Driven to unconventional theatre
“Your job is life and death.”
Given six words, that’s how Rosamund Small gets at the heart of her new play, Vitals.
Given two more words, Small might have added “and traffic.”
Set in Toronto, Vitals dispatches the audience into a real house where a fictional paramedic, Anna, is on a 911 call.
The one-woman play is based on interviews with Kaleigh O’Brien, a long-time paramedic who told Small what it’s like to work emergencies in this city.
“She’s driving an ambulance with the siren on, and people are jaywalking,” said Small with a wry laugh.
“It was kind of like she was just complaining about traffic, but she is trying to get to someone who’s having a heart attack.”
Even before it opened yesterday, Vitals extended its run by a week.
And that was before the Globe and Mail ran a preview calling the 23 year-old Upper Beaches resident the next big thing in Toronto theatre.
That morning, she woke to a proud voicemail from Marguerite Campbell, her Grade 2 teacher at Beaches Alternative School.
But Small credits a lot of the buzz to the play’s director, Mitchell Cushman.
“He’s really good at turning everyday objects into magical things,” she said, noting how he timed musical kids’ toys to run on stage in a recent show.
Cushman also co-founded Outside the March, the site-specific company that is staging the play with support from Theatre Passe Muraille.
“They do theatre in unexpected ways and unexpected places,” said Small, recalling a recent play, Terminus, where the audience sat on stage, and the actors performed on the stage edge with empty seats behind them.
Small set her first hit play, a 2009 Fringe Festival comedy called Genesis and Other Stories, in a church. It was partly inspired by the zany Noel Coward comedies her mom took her to as a girl.
“We gave the whole audience juice boxes halfway through the play — it was just a fun time, and really suited to the Fringe.”
Small’s next production was a verbatim work, Performing Occupy Toronto, where actual dialogue she recorded at the Occupy Toronto protest was performed right where it happened, in St. James Park.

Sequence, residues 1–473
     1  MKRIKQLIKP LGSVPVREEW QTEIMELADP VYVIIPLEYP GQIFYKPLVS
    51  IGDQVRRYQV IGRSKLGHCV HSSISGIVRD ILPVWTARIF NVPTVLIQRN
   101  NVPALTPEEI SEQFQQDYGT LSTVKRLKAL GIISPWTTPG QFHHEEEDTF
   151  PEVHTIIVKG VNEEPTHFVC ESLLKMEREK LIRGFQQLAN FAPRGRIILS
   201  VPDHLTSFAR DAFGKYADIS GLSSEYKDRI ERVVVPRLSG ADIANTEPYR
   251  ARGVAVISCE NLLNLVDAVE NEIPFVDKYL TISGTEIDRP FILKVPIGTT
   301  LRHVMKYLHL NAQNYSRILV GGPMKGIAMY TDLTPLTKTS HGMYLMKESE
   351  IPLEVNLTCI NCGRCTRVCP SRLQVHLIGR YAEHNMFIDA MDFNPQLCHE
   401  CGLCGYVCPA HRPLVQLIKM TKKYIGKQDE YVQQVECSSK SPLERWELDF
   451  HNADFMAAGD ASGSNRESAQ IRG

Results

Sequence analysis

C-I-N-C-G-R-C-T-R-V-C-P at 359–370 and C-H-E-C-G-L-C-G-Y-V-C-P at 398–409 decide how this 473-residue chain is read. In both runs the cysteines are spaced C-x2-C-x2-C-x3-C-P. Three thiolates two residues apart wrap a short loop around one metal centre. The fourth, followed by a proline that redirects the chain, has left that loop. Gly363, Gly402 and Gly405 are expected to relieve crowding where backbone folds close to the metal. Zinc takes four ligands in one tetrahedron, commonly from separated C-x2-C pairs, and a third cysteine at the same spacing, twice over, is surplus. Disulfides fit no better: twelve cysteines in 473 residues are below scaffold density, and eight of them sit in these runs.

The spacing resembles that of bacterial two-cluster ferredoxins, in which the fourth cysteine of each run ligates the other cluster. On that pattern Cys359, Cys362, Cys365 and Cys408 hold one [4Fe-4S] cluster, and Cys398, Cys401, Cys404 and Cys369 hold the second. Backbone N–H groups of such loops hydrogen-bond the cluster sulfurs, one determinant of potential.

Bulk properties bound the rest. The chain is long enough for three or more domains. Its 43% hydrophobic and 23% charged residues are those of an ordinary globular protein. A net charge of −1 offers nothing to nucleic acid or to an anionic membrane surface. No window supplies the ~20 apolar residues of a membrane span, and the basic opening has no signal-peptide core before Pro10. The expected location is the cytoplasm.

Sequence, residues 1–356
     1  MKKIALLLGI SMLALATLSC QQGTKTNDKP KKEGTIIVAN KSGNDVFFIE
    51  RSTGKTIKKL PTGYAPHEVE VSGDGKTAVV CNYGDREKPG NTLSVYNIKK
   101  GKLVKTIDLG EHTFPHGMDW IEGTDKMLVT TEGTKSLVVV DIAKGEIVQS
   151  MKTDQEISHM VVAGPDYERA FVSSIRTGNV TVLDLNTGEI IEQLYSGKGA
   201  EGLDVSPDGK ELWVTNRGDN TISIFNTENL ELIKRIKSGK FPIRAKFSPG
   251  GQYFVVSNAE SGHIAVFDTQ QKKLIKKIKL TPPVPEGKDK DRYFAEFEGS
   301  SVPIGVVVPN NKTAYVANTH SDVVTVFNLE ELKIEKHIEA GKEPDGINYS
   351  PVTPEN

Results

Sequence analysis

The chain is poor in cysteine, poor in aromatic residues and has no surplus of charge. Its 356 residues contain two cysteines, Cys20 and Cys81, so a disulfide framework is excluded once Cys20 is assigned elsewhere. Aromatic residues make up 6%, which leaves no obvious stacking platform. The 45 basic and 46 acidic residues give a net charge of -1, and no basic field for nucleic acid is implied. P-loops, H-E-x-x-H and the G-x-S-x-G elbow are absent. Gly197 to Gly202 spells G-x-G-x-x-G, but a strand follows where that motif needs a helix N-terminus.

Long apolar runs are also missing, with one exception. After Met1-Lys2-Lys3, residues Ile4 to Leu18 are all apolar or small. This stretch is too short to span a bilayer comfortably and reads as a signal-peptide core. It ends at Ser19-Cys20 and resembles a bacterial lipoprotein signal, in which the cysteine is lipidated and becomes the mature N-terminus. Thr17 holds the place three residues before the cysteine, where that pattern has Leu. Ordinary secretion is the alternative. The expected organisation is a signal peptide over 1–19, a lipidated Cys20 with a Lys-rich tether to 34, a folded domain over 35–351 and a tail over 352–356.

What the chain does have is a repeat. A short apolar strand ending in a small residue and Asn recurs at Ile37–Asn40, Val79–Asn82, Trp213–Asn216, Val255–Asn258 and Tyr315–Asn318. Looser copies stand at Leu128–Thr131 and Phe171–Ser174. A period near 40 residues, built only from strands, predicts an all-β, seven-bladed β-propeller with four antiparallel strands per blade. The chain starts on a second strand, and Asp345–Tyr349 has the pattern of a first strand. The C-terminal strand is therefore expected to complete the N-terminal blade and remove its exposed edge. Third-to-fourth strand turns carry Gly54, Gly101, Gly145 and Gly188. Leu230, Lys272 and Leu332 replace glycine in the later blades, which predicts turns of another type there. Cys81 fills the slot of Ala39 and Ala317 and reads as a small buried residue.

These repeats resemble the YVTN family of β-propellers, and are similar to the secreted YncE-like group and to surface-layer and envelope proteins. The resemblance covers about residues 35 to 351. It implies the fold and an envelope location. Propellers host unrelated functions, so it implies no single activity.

While she grew up going to traditional theatre and loves it, Small enjoys the extra “live” feeling of a play performed off-stage.
“The authenticity of it is really exciting,” she said. “We see so many amazing movies and TV shows, but they’re always at a distance.”
Small also gets a kick from interviews.
Unlike Performing Occupy, in which she transcribed interviews with some 125 protestors, Small said she took no notes while talking with Kaleigh O’Brien about being a paramedic – she was looking for insights, not accuracy.
She heard from O’Brien how paramedics need to improvise, but also follow EMS protocols, and always with the stress of a potential legal action in mind. And she learned how busy a shift feels for the 900-odd paramedics serving a city of millions.
“It’s not even that I didn’t know about medics, I didn’t think about them,” Small said. “I didn’t think about them the way you do about doctors – they have this whole specific world of intense, focused pressure.”
After two years of work on Vitals, Small is in the playwright’s sweet spot – she gets to watch a director make it come alive, and is stepping in only when the crew needs coffee or batteries.
She continues to work for the Paprika Festival, a mentoring program for playwrights 21 and younger that was a huge help to her.
In a bit of a departure, Small is also writing prose, but she does have another play in the works too – one that ventures into a children’s imaginary world.
Small said there’s a lot of similarity between plays and children’s playing.
“The line between playing house, and then bossing everyone around and making them make a play about a house is very close.”
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